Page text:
Scratch Wireless Now Open for Business
Scratch Wireless today announced that it is fully open for business an accepting new customers. The company made a big splash in October and has since been in a beta period testing the service ahead of today's formal launch. Scratch Wireless is an MVNO that runs on Sprint's network. It promises free calling, texting, and mobile data to those seeking lower monthly bills. Scratch is selling a single phone, the 2012-era Motorola Photon Q, for $269, and lets customers make calls, send text messages, and surf the web all for free when connected to a Wi-Fi network. When Wi-Fi isn't available, Scratch Wireless devices will roam onto Sprint's network, where text messages will still be free, but voice and data cost extra. Scratch offers daily and monthly voice/data plans for cellular access. The 24-hour plan costs $1.99 for 30 voice minutes and 25MB of data, and the monthly plan costs $14.99 for 250 voice minutes and 200MB of data. Scratch does not have an agreement in place with any Wi-Fi aggregators, so customers are on their own to map out Wi-Fi hotspots and availability. Scratch does not require contracts or recurring monthly fees.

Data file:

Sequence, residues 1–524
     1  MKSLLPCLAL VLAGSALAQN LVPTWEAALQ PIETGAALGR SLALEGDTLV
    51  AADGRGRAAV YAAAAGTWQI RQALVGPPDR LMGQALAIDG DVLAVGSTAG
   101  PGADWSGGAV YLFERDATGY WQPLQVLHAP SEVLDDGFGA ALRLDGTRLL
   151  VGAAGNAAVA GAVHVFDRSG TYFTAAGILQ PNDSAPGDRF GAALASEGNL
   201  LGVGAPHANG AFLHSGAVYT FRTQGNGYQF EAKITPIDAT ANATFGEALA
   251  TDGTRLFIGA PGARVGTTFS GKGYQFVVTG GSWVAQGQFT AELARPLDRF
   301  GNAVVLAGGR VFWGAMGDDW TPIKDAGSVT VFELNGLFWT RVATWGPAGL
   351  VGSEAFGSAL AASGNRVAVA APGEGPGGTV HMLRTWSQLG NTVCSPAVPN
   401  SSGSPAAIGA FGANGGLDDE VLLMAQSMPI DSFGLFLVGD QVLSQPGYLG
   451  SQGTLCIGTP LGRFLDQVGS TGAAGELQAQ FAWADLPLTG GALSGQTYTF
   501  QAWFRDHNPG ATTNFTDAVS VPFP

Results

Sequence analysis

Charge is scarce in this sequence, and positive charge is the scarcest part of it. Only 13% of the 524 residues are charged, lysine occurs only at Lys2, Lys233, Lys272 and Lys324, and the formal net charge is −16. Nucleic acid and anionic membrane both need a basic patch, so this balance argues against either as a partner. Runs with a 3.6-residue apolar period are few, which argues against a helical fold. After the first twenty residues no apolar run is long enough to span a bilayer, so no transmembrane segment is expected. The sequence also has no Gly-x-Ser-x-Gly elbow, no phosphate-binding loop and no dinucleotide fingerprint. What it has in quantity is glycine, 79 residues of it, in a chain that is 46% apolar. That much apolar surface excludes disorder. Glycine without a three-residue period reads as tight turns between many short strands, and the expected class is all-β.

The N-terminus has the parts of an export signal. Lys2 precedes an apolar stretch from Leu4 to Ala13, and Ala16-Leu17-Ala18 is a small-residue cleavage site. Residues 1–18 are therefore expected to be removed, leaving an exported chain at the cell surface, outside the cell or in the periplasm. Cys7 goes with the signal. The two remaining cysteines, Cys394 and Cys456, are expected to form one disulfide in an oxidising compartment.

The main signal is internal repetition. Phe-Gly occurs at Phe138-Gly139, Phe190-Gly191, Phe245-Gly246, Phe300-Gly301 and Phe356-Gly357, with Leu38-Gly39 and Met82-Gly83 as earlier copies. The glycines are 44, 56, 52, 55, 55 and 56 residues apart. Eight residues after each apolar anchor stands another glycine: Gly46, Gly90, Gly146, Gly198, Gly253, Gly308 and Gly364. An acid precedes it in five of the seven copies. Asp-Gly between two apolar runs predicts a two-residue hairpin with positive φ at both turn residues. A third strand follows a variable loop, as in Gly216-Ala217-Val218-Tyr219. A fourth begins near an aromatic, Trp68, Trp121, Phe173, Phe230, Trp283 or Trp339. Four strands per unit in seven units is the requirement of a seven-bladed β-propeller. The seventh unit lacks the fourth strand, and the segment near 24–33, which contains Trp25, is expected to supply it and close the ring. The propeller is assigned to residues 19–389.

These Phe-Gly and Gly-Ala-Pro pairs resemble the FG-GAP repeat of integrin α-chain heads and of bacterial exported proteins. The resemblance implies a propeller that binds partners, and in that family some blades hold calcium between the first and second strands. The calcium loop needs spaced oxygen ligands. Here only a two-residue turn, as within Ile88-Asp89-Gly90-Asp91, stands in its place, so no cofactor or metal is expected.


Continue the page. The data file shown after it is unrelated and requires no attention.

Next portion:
Hands On with the Moto g6
Motorola's g-series phones have a long-held reputation for value and quality. With the 2018 incarnation, Moto is trying harder than ever to bring high-end features and design to a low price point.
Motorola Updates Affordable Lineup for 2018
Motorola today announced four new affordable Android phones coming to the U.S. market before mid-year.
Motorola's Affordable Moto Z3 Play Seeks to Challenge Premium Phones
Motorola today announced the Moto Z3 Play, its third-generation Mod-compatible mid-range phone. The Z3 Play carries over the general size and shape of previous Z-branded phones in order to maintain backward compatibility with the Moto Mod snap-on accessories.
Scratch Wireless to Start Charging for Cell Calls, Texts
Scratch Wireless, a Sprint MVNO, said it can no longer afford to give services away for free and will begin charging for some features. Scratch Wireless has historically offered free WiFi calling and free messaging via cellular and WiFi.
Who the hell thinks this is a good deal?
More curious, I'm wondering what fantasyland these people live in where free WiFi is plentiful and good. (College campuses, perhaps.) I've tried and when you're not dealing with a weak signal, you're often dealing with congestion or straight-up failure.